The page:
It is said that he floated for days before being found, though his next destination—the hollowed-out wreckage of postwar Japan—would hardly be more hospitable.Desperate for work and vaguely recalling inspiring pre-war viewings of the early Lilian Harvey-starring German musical (1941), Suzuki took the advice of a friend and applied to the Kamakura Academy, a feeder institution for major studios like Shochiku and Nikkatsu.Struck by an Allied aircraft during the Asia-Pacific War and disinvested of any remaining macho illusions of combat, Seijun Suzuki, then Pvt.
When he returns home to find her corpse in their apartment, he sets off on a frantic quest to find her killer by piecing together a night he can’t remember.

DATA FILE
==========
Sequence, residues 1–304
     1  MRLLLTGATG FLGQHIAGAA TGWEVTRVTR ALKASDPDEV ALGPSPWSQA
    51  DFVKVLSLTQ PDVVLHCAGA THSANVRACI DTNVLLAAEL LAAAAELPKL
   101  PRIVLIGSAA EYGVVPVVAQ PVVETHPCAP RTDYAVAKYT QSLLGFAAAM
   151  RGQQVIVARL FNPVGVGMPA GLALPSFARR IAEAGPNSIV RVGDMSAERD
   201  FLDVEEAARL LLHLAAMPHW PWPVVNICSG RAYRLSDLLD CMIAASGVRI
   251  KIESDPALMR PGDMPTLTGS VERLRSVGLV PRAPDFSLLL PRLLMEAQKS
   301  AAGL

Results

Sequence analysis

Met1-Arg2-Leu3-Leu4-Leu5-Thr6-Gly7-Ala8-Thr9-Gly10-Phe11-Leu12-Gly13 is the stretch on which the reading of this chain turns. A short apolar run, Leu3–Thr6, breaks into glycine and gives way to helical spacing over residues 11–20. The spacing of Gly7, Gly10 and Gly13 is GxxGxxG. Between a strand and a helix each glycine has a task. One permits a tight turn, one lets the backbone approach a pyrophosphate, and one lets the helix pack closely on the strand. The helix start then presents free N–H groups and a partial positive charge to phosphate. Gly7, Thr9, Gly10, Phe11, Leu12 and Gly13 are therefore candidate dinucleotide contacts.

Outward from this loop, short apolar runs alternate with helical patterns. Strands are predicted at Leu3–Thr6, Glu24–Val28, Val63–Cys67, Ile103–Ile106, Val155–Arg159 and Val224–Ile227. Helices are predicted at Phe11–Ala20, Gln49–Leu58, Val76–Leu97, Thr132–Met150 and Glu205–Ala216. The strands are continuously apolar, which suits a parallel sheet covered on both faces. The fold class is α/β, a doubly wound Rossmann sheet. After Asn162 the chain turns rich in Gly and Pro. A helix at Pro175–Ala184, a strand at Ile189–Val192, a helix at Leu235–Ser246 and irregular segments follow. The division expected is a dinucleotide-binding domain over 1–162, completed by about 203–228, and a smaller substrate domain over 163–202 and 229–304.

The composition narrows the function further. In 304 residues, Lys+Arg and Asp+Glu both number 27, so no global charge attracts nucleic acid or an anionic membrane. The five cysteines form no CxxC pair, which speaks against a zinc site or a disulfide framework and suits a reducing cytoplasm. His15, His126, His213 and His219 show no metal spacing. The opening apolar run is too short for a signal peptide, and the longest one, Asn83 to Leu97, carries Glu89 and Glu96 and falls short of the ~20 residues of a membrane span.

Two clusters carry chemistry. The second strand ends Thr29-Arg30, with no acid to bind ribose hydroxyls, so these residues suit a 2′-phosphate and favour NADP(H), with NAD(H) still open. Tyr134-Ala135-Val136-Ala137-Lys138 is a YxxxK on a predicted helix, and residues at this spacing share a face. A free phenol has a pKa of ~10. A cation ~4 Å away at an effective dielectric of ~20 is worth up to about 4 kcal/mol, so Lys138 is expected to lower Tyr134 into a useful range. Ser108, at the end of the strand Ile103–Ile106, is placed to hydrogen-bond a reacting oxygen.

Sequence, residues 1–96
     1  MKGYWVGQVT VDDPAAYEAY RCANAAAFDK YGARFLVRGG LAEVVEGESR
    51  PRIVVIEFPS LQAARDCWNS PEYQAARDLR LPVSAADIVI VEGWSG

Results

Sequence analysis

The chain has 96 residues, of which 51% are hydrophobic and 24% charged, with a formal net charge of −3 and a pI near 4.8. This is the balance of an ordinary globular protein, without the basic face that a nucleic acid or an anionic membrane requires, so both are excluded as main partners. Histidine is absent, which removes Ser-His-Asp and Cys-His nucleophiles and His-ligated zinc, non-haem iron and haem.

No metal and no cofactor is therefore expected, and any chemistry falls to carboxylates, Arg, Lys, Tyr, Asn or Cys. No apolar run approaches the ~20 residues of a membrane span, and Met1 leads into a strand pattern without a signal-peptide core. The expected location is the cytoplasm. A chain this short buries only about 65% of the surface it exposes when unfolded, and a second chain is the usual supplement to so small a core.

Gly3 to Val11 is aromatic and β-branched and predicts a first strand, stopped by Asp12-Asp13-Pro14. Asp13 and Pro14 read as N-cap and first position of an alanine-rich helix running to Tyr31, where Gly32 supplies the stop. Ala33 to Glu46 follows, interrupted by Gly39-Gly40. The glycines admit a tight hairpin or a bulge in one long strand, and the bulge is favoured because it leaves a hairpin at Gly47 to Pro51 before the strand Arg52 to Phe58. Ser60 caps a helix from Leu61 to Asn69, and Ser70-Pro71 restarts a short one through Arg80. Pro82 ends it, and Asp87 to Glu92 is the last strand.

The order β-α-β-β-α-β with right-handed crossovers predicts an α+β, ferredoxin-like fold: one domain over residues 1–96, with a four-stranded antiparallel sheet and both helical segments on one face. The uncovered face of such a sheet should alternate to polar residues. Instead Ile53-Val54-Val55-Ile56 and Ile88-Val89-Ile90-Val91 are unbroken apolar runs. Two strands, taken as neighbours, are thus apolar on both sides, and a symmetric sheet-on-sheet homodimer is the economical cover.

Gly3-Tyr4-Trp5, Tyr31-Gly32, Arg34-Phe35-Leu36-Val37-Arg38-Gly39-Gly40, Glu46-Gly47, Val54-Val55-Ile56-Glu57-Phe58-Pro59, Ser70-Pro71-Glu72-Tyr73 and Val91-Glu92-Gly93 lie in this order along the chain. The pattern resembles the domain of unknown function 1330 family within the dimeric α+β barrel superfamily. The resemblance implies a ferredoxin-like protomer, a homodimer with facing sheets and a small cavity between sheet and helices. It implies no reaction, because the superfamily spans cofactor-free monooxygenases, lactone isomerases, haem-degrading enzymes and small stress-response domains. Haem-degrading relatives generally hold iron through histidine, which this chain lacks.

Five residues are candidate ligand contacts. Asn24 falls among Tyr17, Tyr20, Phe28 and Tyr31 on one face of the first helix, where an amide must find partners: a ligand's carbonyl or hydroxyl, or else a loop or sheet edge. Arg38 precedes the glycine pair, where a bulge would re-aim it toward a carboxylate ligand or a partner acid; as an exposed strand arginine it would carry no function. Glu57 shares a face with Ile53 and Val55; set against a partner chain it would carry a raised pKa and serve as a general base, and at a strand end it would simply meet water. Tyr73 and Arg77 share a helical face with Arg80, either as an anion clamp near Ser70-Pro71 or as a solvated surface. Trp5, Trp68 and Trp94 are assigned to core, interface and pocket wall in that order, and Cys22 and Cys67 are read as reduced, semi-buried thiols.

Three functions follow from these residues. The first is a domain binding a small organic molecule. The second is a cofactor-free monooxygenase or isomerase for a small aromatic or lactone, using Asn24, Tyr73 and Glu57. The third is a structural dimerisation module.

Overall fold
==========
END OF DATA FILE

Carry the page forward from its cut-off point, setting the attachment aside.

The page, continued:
His films, in turn, pop with a vitality that suggests an awareness of that fundamental impermanence, as though his consciousness of time’s passing and life’s precariousness naturally produced a compulsion to make the most of any given limitation.
And as a B-director working within the rigidly hierarchical mainstream industry of Japan, Suzuki knew a lot about limitations.
There may be more mysterious origin stories to be found within the history of world cinema, but likely few that seem so strangely indicative of the career that followed.
Suzuki’s biography is that of a vagrant, a man who moved from one temporary settlement to another, seemingly always on the brink of isolation.